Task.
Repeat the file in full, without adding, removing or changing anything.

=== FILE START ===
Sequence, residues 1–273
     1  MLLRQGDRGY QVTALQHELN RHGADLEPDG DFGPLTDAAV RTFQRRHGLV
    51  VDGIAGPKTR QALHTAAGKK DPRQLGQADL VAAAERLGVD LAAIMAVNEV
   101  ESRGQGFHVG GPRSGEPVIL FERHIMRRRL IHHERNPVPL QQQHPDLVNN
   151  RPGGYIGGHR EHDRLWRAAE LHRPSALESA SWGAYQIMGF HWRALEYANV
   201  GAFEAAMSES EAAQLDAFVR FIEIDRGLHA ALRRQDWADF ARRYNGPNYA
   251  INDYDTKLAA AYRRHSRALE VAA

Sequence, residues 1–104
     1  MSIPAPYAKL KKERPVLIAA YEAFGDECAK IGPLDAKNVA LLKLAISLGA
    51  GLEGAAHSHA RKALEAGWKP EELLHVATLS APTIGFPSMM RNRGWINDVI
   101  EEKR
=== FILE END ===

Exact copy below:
Sequence, residues 1–273
     1  MLLRQGDRGY QVTALQHELN RHGADLEPDG DFGPLTDAAV RTFQRRHGLV
    51  VDGIAGPKTR QALHTAAGKK DPRQLGQADL VAAAERLGVD LAAIMAVNEV
   101  ESRGQGFHVG GPRSGEPVIL FERHIMRRRL IHHERNPVPL QQQHPDLVNN
   151  RPGGYIGGHR EHDRLWRAAE LHRPSALESA SWGAYQIMGF HWRALEYANV
   201  GAFEAAMSES EAAQLDAFVR FIEIDRGLHA ALRRQDWADF ARRYNGPNYA
   251  INDYDTKLAA AYRRHSRALE VAA

Sequence, residues 1–104
     1  MSIPAPYAKL KKERPVLIAA YEAFGDECAK IGPLDAKNVA LLKLAISLGA
    51  GLEGAAHSHA RKALEAGWKP EELLHVATLS APTIGFPSMM RNRGWINDVI
   101  EEKR